Article written by
Tina MagrabiSenior Content Writer
Content reviewed by
Dr. Lewis JasseyMedical Director - Pediatric Medicine
Table of contents
As of 2021, medical marijuana is legal in 36 states and the District of Columbia. Meanwhile, 19 states, including Colorado and New York, have legalized recreational marijuana.
Now that marijuana is legal for recreational purposes in so many places, should you still apply for a medical marijuana card?
The short answer is yes. Medical marijuana cards offer many benefits, from personal freedom to tax perks. Here are some reasons why you should consider speaking with a qualified medical professional about obtaining a medical cannabis card.
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Access to Medical Marijuana to Treat Chronic Diseases
If you suffer from a chronic condition such as Crohn’s disease or fibromyalgia, medical cannabis can be a supplemental treatment option. If you are coping with depression or anxiety, your physician may even show you how to use medical marijuana instead of harmful prescription medications. The following are qualifying conditions to obtain a medical marijuana card, which may vary depending on your state of residence.
- Acquired Immune Deficiency Syndrome (AIDS) / Human Immunodeficiency Virus (HIV)
- Amyotrophic lateral sclerosis (ALS, informally known as Lou Gehrig’s disease)
- Crohn’s disease
- Epilepsy, or any other condition that causes seizures
- Hepatitis C
- Multiple Sclerosis (MS), or any other condition that causes persistent muscle spasms
- Parkinson’s disease
- Post-Traumatic Stress Disorder (PTSD)
- Severe nausea
- Severe or chronic pain
- Sickle cell anemia
The above list is not exhaustive, and some states may allow medical marijuana cardholders to use cannabis for other conditions. And as research emerges on the potential health benefits of cannabis, this list is likely to grow.
Furthermore, if you have a medical marijuana card, you can reap the therapeutic benefits in other ways. Many cannabis cardholders consume the plant to unwind after a stressful day, or to help naturally fight insomnia. Enjoying these benefits is only possible with a medical marijuana card in states like Hawaii and Minnesota, where recreational weed has been decriminalized but not yet legalized.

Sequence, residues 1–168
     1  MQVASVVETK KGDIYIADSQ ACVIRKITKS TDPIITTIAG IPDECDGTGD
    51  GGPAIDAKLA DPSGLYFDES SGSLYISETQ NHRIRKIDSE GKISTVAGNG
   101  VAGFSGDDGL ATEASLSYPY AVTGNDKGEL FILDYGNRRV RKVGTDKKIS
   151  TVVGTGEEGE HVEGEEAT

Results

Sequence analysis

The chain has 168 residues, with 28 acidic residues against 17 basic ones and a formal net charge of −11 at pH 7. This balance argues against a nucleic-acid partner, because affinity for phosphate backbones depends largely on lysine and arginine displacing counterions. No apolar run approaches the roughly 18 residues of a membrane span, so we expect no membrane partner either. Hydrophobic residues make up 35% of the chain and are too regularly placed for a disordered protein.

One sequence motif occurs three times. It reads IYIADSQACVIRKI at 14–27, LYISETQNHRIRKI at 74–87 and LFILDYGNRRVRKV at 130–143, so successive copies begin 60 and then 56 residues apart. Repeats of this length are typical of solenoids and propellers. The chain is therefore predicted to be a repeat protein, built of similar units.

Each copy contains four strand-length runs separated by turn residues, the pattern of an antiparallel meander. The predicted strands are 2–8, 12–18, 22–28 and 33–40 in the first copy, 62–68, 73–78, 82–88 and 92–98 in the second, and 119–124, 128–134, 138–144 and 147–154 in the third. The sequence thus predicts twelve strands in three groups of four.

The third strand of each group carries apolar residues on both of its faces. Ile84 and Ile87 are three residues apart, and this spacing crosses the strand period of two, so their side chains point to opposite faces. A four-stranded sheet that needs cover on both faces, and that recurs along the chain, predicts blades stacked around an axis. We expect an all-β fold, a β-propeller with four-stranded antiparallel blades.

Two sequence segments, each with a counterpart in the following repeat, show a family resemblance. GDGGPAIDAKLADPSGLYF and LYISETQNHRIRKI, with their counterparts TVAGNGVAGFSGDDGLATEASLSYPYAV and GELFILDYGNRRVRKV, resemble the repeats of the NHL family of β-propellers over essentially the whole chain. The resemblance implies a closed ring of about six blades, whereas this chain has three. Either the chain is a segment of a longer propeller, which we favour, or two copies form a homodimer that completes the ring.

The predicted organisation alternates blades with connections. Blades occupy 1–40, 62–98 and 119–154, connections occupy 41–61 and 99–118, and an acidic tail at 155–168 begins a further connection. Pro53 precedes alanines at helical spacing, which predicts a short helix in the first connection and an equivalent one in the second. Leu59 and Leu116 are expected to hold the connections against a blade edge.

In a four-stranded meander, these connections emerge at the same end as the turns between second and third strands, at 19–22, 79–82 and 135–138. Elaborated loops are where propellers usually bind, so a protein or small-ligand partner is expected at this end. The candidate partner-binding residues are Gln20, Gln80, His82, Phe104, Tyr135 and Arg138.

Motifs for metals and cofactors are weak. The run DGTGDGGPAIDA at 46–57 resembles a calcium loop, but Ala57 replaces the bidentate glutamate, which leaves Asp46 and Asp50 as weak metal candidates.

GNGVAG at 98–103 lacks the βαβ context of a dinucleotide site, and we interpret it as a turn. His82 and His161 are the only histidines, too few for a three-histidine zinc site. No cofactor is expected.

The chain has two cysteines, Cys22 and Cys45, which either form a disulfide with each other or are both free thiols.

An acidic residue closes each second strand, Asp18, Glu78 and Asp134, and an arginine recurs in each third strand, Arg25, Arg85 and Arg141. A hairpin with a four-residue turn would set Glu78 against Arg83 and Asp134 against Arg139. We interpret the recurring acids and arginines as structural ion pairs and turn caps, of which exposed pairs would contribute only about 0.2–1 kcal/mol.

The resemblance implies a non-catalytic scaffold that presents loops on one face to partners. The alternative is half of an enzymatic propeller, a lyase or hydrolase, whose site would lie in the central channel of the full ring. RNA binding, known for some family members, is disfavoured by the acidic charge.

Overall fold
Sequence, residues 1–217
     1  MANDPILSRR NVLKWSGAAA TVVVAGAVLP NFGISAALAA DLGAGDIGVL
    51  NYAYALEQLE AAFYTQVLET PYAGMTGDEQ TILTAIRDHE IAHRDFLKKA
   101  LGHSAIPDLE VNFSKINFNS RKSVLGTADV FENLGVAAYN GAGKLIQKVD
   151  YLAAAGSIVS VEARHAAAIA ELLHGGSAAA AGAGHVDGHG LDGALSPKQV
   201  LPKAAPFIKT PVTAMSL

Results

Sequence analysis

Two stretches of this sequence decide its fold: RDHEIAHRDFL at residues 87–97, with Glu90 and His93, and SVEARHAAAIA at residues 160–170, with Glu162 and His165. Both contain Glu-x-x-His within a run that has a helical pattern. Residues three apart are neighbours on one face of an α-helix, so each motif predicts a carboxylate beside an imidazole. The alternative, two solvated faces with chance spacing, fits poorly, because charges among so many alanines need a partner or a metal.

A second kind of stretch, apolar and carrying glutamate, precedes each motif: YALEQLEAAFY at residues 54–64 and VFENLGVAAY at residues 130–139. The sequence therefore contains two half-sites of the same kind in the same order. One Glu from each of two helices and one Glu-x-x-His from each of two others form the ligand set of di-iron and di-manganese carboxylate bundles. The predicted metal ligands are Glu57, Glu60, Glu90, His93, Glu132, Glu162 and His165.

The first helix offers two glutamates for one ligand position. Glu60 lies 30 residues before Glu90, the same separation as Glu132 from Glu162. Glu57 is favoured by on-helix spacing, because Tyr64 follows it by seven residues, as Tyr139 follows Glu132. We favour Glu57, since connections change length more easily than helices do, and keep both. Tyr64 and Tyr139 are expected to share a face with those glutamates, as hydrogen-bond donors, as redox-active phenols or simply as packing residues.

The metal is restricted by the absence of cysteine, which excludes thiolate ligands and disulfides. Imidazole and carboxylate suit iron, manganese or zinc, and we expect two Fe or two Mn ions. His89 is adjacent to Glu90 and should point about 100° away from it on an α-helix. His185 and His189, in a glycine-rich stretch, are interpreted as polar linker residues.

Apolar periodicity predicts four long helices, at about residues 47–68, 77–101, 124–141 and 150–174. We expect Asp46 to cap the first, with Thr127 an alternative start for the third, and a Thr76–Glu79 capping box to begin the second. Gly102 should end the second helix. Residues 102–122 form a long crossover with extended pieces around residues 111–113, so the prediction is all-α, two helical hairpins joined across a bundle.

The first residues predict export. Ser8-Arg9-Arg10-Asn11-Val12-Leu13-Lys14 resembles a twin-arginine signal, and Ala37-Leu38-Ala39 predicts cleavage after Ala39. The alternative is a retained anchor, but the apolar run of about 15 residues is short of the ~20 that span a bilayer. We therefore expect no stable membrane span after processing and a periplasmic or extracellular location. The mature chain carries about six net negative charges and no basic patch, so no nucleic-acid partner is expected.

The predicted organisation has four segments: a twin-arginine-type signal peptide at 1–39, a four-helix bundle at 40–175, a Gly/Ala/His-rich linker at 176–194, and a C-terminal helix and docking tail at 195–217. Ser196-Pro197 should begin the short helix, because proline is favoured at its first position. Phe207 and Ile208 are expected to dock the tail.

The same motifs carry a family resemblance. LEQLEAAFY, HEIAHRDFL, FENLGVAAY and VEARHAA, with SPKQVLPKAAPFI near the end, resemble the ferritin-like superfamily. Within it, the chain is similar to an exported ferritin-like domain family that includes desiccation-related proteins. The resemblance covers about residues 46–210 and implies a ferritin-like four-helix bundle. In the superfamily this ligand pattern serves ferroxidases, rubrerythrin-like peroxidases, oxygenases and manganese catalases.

Cannabis Cards Give You Freedom
There’s no question that United States cannabis laws can be confusing. Registering for a medical marijuana card may protect you from certain legal dilemmas. While recreational marijuana users are limited to how much weed they can possess, medical cardholders may carry as much as their prescriptions permit.
In Florida, where recreational marijuana remains illegal, possessing just one gram of cannabis is a misdemeanor punishable by up to a year in jail and a $1,000 fine. Medical marijuana cardholders do not have to worry about “getting caught” with the plant, as they have full legal approval to possess.
Indeed, medical cannabis cardholders benefit from being on the right side of the law. But you should still exercise caution when traveling across state lines, as not all jurisdictions will honor your medical marijuana card. Still, as the recreational market is stuck in a legal quagmire, it may be safer to have a MMJ recommendation and card to avoid being hassled by the law.
Save Money with a Medical Marijuana Card
There is not much discrepancy in the retail cost of recreational vs. medical marijuana. However, medical cannabis cardholders can save significant money on taxes. In Arizona, for example, recreational users pay a whopping 21.6% tax rate, while medical marijuana cardholders may pay as little as 8% in taxes. In Illinois, the tax benefits are more striking. While recreational users are saddled with up to 31% in taxes, medical cardholders enjoy an ultra-low 1% tax rate. In the Evergreen State, the tax differences are even steeper: Washingtonians with MMJ cards pay nothing, yes 0%, in taxes, while recreational users are slapped with a 37% tax rate. For a state-by-state breakdown of cannabis tax rates, refer to our comprehensive guide.
If you’re on a limited budget, the tax perks of holding a medical cannabis card may represent the biggest benefit. The tax savings don’t compromise the quality of your marijuana, either. In fact, you’ll be paying less in taxes to access better quality cannabis.
Better Quality Medical Marijuana
Ensuring that your weed is as pathogen-free (i.e., no mold, bacteria, etc.) as possible is of utmost importance for medical marijuana users. As recreational marijuana is not as carefully monitored as medical, the quality may be lower. In addition, medical marijuana cardholders benefit from more precise dosing, a particularly crucial factor when consuming potent cannabis edibles.
It is important to note, however, that most marijuana is not FDA-approved, whether designated as recreational or medical. In 2018, Epidiolex, which is used to treat severe epileptic seizures, became the first cannabis-derived medicine to gain FDA approval. As cannabis medicine moves towards the mainstream, additional FDA approvals may be on the horizon.
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Benefits of a Medical Marijuana Card
Clearly, there are many benefits to obtaining a medical marijuana card. A medical marijuana card can grant you access to better quality cannabis, save you money on taxes and potentially eliminate legal headaches, while serving your medical needs.
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